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Corps of Engineers wants to shoo salmon-munching cormorants away from East Sand Island in the Columbia River

By Quinton Smith
OregonLive.com

What happens when you kick thousands of voracious birds out of their homes? Biologists struggling to manage a huge colony of salmon-eating cormorants in the Columbia River estuary want to find out.

The U.S. Army Corps of Engineers proposes to shrink the nesting area of double-crested cormorants on East Sand Island by two-thirds this spring to see whether some birds will leave and then track those that do.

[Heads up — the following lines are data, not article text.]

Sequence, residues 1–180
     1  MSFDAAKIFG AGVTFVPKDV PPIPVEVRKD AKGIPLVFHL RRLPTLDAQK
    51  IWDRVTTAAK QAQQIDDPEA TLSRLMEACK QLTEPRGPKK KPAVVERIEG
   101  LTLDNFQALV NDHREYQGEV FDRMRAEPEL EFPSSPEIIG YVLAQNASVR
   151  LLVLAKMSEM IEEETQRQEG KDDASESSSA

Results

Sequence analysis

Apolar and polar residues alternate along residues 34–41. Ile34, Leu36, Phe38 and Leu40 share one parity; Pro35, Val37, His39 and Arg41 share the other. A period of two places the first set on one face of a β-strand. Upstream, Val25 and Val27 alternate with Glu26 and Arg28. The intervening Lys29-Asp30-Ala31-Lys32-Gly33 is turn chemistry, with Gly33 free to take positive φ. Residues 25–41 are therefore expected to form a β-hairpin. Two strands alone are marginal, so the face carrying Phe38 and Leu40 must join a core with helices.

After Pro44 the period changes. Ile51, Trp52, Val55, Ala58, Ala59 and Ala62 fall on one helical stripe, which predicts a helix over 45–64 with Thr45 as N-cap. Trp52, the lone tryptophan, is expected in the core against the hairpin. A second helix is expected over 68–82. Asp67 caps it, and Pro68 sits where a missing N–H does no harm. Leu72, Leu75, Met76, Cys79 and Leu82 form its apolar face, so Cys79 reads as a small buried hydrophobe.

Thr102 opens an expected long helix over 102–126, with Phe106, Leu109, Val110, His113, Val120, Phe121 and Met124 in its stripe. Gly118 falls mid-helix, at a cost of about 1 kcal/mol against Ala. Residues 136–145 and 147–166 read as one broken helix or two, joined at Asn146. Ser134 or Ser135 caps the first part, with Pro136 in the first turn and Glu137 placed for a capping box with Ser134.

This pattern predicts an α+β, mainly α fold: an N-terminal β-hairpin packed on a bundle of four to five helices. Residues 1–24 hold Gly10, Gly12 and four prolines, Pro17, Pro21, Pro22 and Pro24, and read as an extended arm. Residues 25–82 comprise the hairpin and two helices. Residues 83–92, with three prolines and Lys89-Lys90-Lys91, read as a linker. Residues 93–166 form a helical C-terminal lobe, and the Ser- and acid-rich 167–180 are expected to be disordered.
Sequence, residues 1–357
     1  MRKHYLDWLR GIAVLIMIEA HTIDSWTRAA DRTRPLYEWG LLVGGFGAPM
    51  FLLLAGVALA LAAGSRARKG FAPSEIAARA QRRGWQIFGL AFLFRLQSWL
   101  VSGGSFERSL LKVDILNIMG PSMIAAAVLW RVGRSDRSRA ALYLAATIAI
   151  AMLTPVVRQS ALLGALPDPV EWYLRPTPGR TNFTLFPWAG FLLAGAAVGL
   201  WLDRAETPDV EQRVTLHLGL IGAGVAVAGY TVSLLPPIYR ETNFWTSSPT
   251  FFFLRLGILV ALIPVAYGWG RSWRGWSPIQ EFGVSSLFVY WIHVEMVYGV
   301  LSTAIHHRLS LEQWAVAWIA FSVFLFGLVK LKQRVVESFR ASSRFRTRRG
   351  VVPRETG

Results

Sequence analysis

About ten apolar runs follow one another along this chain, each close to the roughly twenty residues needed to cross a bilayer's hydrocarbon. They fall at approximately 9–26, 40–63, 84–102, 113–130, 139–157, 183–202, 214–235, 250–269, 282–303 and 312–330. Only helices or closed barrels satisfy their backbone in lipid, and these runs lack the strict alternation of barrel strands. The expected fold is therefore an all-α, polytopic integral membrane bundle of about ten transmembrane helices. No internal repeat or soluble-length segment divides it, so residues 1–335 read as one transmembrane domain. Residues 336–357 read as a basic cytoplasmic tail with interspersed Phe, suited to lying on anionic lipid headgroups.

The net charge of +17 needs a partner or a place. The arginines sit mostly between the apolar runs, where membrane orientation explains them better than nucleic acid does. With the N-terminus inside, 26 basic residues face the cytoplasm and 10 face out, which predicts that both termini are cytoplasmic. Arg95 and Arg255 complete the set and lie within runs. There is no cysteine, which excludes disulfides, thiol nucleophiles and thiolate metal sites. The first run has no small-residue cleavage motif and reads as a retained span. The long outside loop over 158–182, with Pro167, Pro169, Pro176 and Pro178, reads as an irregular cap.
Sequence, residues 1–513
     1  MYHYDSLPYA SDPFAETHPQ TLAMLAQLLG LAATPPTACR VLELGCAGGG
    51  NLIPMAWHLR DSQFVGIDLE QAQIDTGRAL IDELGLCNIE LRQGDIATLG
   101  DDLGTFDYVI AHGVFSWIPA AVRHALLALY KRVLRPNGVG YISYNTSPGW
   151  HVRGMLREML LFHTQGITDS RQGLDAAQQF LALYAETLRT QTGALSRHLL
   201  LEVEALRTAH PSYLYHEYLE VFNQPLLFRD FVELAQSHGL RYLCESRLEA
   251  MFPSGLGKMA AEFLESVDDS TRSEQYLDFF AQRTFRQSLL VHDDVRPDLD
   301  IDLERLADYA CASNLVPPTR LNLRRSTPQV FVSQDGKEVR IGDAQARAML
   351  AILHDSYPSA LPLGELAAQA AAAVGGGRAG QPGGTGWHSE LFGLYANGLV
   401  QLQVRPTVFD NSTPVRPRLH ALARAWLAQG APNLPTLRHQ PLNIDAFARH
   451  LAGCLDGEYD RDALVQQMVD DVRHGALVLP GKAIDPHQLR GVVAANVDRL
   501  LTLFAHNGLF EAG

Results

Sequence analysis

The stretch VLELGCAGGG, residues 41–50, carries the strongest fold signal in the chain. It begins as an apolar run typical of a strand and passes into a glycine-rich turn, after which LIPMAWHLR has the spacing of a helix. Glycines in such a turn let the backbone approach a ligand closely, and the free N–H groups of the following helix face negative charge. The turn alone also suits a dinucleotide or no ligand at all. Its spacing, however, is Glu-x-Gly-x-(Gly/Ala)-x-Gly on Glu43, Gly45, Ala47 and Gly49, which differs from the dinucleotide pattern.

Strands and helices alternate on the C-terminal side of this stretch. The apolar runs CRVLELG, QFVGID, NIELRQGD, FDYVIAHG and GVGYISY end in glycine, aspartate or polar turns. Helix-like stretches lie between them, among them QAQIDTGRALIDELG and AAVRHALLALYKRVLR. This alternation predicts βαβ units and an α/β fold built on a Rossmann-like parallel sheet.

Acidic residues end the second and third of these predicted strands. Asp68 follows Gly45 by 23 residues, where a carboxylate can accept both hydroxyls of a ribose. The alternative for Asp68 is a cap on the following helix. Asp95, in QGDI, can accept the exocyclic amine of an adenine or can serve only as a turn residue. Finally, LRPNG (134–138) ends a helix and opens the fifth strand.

But Oregon and Washington worry that the cormorants will simply scoot over to coastal bays and devour endangered salmon and steelhead there.

Debate between federal and state biologists working on the bird issue has become "a bit contentious," said Sondra Ruckwardt, a corps manager overseeing the work on East Sand Island. "No one wants them in their backyard."

The cormorant problem also illustrates the difficulty of trying to save fish protected by the Endangered Species Act when their greatest predator is protected by another, the Migratory Bird Treaty Act.

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